David Powlison on the Incalculably Powerful Gentleness of Jesus

I’ve highly recommended David Powlison’s outstanding book Good and Angry: Redeeming Anger, Irritation, Complaining, and Bitterness. This book reflects a big view of God, and I personally benefited from it. In this excerpt, David talks about the gentleness of Jesus, and how it’s been commonly misunderstood as a weakness, rather than a demonstration of God’s strength.

As I write in my book Face to Face with Jesus, “The gentle, compassionate Jesus is also the Jesus who drove the merchant-thieves from the temple and spoke condemnation against self-righteous religious leaders. His less popular qualities so outraged people that they nailed him to a cross. We should believe all that Scripture says about Jesus—whether or not it makes sense to our finite little minds.”  —Randy Alcorn

The English language has no full-orbed equivalent for the word translated as gentleness. Jesus exhibited this trait so remarkably that its fragrance and coloration marked his entire life. Here walked the Lord of glory among his own people. Every human being that Jesus met owed him life and utter loyalty. This is the LORD, to whom temple sacrifices were offered in repentance and gratitude. Yet most of these people ignored Jesus, misunderstood him, tried to use him, reviled him, and plotted against him. Even his own intimate followers, who basically loved him, repeatedly proved themselves dense as stones. How did he put up with it for thirty-three years? Gentleness. He was utterly mastered by merciful purposes.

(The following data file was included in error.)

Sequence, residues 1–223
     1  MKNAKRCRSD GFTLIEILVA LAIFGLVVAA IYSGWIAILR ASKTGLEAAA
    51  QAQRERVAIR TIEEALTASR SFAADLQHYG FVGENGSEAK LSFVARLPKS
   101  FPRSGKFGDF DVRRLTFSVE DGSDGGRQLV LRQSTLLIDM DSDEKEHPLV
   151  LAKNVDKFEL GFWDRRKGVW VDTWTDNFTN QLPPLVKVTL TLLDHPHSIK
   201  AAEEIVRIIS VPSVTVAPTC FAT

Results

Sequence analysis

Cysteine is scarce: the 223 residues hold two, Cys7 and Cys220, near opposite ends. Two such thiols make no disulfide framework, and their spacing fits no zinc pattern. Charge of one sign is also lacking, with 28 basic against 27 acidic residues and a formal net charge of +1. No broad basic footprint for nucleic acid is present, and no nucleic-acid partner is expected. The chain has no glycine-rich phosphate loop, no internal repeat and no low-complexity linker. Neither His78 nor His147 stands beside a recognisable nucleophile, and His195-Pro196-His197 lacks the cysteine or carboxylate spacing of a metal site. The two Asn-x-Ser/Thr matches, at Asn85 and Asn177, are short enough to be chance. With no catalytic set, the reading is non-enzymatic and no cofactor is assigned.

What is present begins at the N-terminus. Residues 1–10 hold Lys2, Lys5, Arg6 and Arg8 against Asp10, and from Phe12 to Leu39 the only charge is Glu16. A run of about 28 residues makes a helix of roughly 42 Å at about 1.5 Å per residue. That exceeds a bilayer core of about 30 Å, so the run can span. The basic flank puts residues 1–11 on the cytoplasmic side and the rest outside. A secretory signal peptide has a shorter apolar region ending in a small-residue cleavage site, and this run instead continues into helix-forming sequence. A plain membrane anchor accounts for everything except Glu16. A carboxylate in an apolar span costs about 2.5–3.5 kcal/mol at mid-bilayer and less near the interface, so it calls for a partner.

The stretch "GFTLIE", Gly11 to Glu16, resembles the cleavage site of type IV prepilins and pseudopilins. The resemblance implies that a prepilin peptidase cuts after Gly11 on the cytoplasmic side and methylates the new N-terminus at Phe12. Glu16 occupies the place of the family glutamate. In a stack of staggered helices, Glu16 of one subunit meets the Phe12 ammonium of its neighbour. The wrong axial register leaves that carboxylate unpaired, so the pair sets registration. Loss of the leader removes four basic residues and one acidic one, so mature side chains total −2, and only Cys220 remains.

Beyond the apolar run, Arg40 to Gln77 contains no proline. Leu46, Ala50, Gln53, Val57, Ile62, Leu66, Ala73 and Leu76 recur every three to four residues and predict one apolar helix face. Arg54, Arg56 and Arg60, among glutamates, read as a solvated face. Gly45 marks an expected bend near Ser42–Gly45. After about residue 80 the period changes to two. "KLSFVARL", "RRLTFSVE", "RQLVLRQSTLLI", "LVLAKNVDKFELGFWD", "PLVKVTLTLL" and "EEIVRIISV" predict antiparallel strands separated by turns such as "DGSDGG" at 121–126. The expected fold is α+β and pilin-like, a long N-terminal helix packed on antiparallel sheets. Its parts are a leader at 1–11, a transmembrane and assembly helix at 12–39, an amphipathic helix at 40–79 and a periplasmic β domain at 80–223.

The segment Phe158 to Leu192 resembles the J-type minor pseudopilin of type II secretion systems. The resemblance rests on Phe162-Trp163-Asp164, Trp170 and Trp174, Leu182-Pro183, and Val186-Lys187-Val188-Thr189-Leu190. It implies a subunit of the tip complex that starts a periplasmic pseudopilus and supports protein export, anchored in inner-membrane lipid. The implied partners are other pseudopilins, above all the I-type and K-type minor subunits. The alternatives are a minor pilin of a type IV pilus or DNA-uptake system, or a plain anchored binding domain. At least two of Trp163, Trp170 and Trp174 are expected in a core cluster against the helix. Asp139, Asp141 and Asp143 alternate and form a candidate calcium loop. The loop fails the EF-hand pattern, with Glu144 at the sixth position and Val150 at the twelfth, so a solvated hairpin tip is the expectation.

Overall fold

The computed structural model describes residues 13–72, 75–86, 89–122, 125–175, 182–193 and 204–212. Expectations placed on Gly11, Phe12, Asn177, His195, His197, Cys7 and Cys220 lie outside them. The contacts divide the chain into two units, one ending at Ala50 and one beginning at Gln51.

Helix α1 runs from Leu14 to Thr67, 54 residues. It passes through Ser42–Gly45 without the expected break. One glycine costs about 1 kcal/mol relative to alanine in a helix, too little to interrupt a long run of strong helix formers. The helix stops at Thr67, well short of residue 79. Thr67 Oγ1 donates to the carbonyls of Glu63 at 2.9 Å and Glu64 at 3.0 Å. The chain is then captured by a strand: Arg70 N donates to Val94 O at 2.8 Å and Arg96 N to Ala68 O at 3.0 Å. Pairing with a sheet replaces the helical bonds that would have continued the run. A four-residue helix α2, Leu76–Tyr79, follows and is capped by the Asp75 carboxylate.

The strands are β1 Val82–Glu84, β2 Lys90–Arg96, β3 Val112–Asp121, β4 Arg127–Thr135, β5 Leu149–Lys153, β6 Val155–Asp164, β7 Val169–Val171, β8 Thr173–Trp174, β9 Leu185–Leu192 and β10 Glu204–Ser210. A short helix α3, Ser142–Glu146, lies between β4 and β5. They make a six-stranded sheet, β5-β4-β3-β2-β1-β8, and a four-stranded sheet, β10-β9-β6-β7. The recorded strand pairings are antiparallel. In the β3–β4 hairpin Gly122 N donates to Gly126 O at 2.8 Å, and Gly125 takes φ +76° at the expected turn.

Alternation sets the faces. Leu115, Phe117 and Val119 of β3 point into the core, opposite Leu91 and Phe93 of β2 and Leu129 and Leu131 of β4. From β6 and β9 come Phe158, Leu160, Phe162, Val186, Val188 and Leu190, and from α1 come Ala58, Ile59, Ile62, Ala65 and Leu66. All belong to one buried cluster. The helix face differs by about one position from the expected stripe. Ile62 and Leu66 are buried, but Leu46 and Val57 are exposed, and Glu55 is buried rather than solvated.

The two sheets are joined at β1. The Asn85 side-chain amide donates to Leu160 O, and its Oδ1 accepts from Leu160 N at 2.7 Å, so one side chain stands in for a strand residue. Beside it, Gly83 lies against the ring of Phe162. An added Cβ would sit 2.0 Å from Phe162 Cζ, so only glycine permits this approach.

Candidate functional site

Jesus dealt gently with the ignorant and misguided, even when he suffered at their hands. Such meekness is incalculably powerful. It is a virtue almost beyond our imagination, the ability to endure injury with patience and without resentment. I have known several people who demonstrated the firstfruits of this virtue. Their lives showed hints of radiance, a glimpse of the unveiled glory of Jesus, the loveliest thing I’ve ever seen. They were purposefully constructive in the most difficult circumstances.

We can understand to a degree that Jesus was compassionate toward sufferers. But when we consider that the Christ’s master purpose was self-sacrificing mercy for his enemies, here the gentleness of Jesus exceeds comprehension. George MacDonald captured the essence of such gentleness this way: “It’s a painful thing to be misjudged. But it’s no more than God puts up with every hour of the day. But he is patient. So long as he knows he’s in the right, he lets folk think what they like—‘til he has time to make them know better. Lord, make my heart clean within me, and then I’ll care little for any judgment but yours!”

It’s unfortunate that “gentle Jesus, meek and mild” has become a picture of someone weak and ineffectual, a sentimental, pablum savior, good for children, but not good enough for grown-ups. May the God of the Lord Jesus Christ give us his true gentleness. Such strength is a royal attribute.

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